A woman who learned basketball from her high school coaching father has been tapped to head the Lady Longhorn hoop program.
Kelly Kreig takes over for Stacy Anderson who resigned in the spring to accompany her husband, Josh, to Dakota State University where he is the school’s new football coach.
For Kreig, being named the PHS coach is a dream come true.
“My goal has always been to be a head coach, and to be one in a place like Payson is unbelievable,” she said. “I feel really fortunate and I’m excited.”
In addition to coaching the Lady Longhorns, Kreig will assume Stacy Anderson’s vacated physical education teaching position.
Kreig previously taught physical education at Yuma Kofa High School serving there from 2005 until she resigned in the spring to move to Payson.
Her teaching duties at Kofa included freshman girls physical education for one year, freshman coed PE for two years and ninth- to 12th-grade girls aerobics for one school year.
Among her educational accomplishments was to implement the PACER cardiovascular endurance test as a way to measure students’ physical fitness and to start a reward system to reduce the number of “non dressed” students.
On her resume, Kreig says her goal is to produce “a healthy and active learning environment where students learn the importance and develop an appreciation of physical fitness.”
At Kofa, she was also the junior varsity girls basketball coach.
Kreig, who calls Minnesota her home, graduated in 2005 from University of Wisconsin Superior University with a 3.50 GPA and as a member of the dean’s list.
At UWS, she played basketball for four years and her senior season was captain of the team.
Kreig primarily played point guard during her tenure with the Yellow Jackets.
Prior to attending UWS, she played high school basketball in Minnesota on a team coached by her father, Larry.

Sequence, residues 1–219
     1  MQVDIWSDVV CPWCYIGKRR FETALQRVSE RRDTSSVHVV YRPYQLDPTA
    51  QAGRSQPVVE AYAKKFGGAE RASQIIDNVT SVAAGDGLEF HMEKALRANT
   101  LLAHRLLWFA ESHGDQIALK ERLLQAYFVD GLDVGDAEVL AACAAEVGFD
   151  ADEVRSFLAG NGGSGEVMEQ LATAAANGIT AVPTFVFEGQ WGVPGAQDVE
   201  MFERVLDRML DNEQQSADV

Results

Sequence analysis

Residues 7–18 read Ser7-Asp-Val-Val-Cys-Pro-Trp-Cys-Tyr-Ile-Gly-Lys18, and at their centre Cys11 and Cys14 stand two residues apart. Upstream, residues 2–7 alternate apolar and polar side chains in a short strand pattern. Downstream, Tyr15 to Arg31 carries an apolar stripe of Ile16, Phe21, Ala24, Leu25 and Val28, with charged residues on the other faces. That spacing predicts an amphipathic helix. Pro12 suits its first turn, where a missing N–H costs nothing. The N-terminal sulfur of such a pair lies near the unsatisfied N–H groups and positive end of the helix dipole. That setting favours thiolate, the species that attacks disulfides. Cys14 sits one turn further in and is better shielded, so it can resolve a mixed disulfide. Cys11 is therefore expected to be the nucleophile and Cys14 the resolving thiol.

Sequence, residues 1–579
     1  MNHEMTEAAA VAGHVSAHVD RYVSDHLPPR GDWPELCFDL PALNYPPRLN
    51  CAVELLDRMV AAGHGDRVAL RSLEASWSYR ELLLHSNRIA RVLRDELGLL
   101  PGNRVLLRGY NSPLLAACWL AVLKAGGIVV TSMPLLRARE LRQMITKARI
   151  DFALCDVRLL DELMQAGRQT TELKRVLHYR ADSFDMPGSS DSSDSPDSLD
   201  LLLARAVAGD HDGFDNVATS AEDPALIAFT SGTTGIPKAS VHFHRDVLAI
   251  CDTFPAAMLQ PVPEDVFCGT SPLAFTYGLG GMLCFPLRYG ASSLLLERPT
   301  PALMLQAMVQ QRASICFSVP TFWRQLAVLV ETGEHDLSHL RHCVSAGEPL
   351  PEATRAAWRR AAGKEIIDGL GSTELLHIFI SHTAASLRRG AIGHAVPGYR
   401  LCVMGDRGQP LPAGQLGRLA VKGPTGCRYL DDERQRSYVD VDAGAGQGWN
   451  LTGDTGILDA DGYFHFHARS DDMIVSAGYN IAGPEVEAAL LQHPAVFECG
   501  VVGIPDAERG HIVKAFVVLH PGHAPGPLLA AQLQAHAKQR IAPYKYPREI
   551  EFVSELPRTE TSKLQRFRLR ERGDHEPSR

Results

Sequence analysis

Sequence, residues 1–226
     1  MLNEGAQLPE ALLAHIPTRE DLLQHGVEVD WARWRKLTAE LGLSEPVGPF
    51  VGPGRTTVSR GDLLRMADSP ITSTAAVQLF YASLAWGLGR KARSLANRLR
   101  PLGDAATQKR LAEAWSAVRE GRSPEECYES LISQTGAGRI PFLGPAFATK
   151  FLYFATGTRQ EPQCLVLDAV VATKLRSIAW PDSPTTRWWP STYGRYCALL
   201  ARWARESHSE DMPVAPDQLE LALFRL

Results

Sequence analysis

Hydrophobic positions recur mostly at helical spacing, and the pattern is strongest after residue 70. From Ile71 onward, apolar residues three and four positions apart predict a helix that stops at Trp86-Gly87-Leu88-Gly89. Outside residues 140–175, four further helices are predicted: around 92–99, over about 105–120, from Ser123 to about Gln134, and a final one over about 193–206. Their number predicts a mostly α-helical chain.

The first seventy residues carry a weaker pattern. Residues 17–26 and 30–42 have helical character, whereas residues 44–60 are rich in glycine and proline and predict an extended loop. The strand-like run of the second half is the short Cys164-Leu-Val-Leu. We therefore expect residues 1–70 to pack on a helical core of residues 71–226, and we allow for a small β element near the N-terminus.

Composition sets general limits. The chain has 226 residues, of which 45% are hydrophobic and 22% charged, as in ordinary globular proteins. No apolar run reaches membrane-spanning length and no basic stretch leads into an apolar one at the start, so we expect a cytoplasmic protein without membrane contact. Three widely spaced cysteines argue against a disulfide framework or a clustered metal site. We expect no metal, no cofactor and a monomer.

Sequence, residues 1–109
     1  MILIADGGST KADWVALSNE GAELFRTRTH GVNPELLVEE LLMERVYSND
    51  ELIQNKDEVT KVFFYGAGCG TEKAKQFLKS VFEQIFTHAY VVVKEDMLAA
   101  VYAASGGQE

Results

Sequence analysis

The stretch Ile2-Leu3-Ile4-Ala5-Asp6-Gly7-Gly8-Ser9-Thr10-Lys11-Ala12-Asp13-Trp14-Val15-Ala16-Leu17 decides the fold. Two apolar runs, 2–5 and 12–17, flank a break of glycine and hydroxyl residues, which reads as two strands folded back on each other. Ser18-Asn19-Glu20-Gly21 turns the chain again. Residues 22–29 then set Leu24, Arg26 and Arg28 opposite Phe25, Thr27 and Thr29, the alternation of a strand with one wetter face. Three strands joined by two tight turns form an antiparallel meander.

“I played for him three out of four (high school) years and I learned a lot,” she said. “He taught me much of what I know — we are sort of a basketball family.”
As the Lady Longhorns new coach, Kreig will stress the fundamentals of the game including defense and rebounding.
Kreig says she favors running a set offense over the run and gun, fast break style of play, but will fashion both her “O” and “D” on the skills and talents of her players.
Payson High School assistant principal Tim Fruth, once the Lady Longhorn head coach, lauds Kreig as a coach who can successfully mold individuals into a team that will represent PHS well and be competitive in the rugged 3A East Region.
“What we like about her is she’s highly energetic,” he said. “She’s been in the trenches — she’s earned the right to step up and have her own program.”
The new coach took the PHS job knowing that the program was losing all the core players from the past three seasons.
“Those teams had a lot of talent, but now they’ve (graduated) and we must replace them,” Kreig said.
Among those who graduated last spring are Christina Deaton, Cydney Figueroa, Kayla Morgan, Jenna Robertson and Rose Hardt. The five led PHS last season to a 24-7 record, the East Region championship and into the state tournament where PHS was eliminated by Monument Valley 47-46.
Deaton, Figueroa, Robertson and Morgan were varsity starters since their sophomore seasons and recipients of numerous postseason awards. As a senior, Deaton was a prestigious All-American nominee.
Knowing what faces her as the new coach, Kreig says she doesn’t want to use the term “rebuilding,” but understands she will have the challenge of remaking a team with players who have very little varsity experience.
She says she’s determined to scour the campus to find student athletes who have the heart, desire and motivation to play the sport passionately.
She didn’t want to single out any promising players, but several underclassmen last season showed they might have what it takes to be varsity contributors. They include Rylee Halenar, Kelsey Waugh Jordan Klabbatz, Maddie Nossek and Katie Welker.
The process of putting together a team for next season began weeks ago when Kreig arrived in Payson to host evening open gym sessions.
Next on her agenda is to fill out her coaching staff. Thus far she’s enlisted the services of Rim Country Middle School assistant principal and athletic director Yvette Harpe to coach the freshmen.
“I’m still looking for a jayvee coach,” Kreig said.
If there is a real positive in Kreig’s new coaching job, it is that she has more than three months to acclimate herself to the school, lay plans for the program and meet and evaluate prospective players.
“As a first-year head coach, that’s a challenge I’m really looking forward to,” she said.